Ethical and moral conscience is enshrined in Islamic banking and finance models. However, in this age; digitalisation and artificial intelligence solutions seem to be encroaching into Islamic banking and finance models as with most industries. Any effort to move towards the sector of Information Technology or Artificial Intelligence should resolve issues of ethical and moral conscience or religious teachings, which may have an element of disagreement. It will be a total reformation with regards to the conduct of business internationally, regardless of jurisdiction or type of Islamic financial institution. As challenging as it may be, it could be argued that this is not simply wishful thinking, but a goal that can be achieved by offering examples of successful business models exemplified by the Islamic financial institutions’ prudence in the international market.
Contemporary Islamic banking and finance continues to learn from the dominant conventional financial mechanisms and systems. Islamic financing continues to develop with many efforts by trying to offer new concepts. This raises significant questions of law, morality and policy which eventually pose challenging issues to Islamic jurists, as well as practitioners and legislatures.
Islamic banks in the United Arab Emirates are either public or stock listed companies. Therefore, apart from all what is intrinsic in the Sharia Principles, these institutions with regards to corporate governance are obliged to be in conformity with the Commercial Companies Law as well as all directives of regulatory bodies.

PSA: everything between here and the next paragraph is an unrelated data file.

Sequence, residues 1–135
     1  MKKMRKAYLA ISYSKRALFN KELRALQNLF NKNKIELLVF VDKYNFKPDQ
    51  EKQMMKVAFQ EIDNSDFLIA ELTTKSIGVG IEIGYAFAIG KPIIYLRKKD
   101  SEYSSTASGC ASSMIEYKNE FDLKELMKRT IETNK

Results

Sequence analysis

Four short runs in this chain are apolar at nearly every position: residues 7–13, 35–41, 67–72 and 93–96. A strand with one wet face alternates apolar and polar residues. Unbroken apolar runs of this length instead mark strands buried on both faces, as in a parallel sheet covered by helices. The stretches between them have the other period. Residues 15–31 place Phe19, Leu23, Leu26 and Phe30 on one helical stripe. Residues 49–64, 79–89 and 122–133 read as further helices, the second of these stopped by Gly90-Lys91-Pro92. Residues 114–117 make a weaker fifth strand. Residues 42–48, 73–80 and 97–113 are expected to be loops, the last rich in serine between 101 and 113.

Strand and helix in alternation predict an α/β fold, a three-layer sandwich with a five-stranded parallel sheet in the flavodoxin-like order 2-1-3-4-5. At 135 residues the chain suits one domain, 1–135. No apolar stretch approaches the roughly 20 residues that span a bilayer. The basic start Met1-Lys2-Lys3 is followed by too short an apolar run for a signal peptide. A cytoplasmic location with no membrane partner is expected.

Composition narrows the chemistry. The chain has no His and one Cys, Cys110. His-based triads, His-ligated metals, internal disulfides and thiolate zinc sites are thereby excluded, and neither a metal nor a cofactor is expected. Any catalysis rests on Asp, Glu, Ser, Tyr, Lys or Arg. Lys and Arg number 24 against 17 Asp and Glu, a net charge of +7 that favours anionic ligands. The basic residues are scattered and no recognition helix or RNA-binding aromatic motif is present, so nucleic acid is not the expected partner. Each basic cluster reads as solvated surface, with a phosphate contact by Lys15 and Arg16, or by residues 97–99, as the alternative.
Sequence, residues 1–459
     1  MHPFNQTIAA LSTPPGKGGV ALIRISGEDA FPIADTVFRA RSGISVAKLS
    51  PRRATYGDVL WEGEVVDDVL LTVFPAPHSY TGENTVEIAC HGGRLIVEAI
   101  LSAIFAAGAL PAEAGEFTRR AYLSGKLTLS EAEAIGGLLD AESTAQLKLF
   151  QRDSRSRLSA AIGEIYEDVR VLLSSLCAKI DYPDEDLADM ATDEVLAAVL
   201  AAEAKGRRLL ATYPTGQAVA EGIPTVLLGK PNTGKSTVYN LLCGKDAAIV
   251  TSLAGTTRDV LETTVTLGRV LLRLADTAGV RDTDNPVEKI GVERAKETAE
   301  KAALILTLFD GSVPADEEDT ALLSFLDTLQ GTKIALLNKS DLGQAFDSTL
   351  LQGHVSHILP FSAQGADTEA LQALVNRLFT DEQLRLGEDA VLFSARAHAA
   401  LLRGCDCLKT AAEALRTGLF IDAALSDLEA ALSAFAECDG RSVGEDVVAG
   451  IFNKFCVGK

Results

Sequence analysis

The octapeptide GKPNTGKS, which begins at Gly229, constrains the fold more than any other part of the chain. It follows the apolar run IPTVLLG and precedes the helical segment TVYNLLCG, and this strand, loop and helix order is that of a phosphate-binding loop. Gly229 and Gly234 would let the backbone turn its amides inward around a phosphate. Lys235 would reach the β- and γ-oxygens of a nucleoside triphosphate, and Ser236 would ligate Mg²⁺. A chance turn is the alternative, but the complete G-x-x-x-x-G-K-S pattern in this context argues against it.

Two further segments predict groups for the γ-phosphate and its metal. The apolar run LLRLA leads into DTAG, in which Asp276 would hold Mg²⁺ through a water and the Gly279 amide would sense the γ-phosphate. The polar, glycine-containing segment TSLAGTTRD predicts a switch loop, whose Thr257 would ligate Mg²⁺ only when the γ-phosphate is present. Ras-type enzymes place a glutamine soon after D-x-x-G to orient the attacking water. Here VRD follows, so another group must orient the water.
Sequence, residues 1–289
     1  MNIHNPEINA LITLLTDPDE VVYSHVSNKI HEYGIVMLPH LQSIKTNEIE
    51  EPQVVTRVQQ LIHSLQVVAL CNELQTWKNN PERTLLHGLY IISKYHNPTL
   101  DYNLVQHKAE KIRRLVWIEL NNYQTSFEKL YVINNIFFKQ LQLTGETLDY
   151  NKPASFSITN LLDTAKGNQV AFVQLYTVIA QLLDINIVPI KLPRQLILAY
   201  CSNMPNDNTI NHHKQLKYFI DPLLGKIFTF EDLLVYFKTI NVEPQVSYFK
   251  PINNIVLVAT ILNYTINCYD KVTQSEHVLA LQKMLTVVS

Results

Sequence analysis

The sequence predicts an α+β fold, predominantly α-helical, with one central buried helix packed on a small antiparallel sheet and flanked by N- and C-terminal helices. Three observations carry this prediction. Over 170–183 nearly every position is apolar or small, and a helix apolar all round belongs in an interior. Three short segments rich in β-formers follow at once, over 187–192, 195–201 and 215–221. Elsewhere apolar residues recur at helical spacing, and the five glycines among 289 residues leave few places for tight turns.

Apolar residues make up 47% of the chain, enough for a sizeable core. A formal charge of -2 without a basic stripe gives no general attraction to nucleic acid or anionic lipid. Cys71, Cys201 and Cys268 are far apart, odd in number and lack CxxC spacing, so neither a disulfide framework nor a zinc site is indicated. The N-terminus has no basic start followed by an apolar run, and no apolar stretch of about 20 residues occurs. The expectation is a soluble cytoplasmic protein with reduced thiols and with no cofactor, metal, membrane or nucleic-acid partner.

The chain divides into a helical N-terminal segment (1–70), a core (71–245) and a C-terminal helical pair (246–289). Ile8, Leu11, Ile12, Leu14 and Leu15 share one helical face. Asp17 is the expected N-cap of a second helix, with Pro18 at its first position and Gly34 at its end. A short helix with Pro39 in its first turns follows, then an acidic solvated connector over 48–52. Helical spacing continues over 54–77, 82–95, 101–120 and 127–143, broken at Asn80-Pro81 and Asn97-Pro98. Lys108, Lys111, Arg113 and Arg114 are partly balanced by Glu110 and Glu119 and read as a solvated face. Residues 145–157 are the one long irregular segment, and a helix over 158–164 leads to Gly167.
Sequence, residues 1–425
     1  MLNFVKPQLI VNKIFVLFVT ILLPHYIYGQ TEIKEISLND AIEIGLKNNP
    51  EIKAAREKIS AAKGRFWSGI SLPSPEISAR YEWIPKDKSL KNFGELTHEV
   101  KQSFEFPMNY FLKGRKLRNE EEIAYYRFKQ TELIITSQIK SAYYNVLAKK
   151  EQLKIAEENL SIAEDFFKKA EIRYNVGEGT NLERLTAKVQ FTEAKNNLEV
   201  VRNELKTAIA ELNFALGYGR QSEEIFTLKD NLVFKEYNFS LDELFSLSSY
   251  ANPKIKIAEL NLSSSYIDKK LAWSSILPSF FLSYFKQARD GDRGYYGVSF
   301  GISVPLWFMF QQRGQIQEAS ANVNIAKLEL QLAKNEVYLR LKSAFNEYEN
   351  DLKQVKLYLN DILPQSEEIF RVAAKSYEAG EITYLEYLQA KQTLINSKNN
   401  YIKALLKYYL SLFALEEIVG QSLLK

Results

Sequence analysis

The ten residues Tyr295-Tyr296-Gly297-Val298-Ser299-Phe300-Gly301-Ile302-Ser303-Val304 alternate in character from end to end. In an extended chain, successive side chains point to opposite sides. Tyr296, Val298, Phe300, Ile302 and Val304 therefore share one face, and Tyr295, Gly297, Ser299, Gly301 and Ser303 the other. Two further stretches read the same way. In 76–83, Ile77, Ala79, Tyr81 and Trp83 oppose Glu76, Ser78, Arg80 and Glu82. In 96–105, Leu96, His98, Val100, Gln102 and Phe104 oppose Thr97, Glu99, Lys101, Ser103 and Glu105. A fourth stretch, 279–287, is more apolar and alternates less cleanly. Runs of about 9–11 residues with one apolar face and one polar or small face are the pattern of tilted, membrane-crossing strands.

The Chairman of the Securities and Commodities Authority (SCA) of the United Arab Emirates issued a resolution – Corporate Governance for Joint Stock Companies – in February 2020 (Resolution No. 3/RM of 2020). The resolution sets new rules for the regulation of corporate governance of public joint stock companies, including banks. Further, the resolution complements the Commercial Companies Law which states that board members are liable to the company, its shareholder and third parties for various actions such as; mismanagement, abuse of power, fraud, violation of the company’s Articles of Association and any violations of law including violations of any regulations implementing or complementing the provisions of the Commercial Companies Law such as the Corporate Governance for Joint Stock Companies resolution. Amongst the rules established by the resolution is the, collective duties of the Board of Directors, Individual duties of the Board of Directors, Duties of the Chairperson of the Board and regulations of trading by Board Members.
Corporate governance principles and codes in Islamic banks have been developed in different countries and issued from Central banks, stock exchanges, corporations, institutional investors, or associations (institutes) of directors and managers with the support of governments and international organisations. There is, of course, no single recognised best model of corporate governance.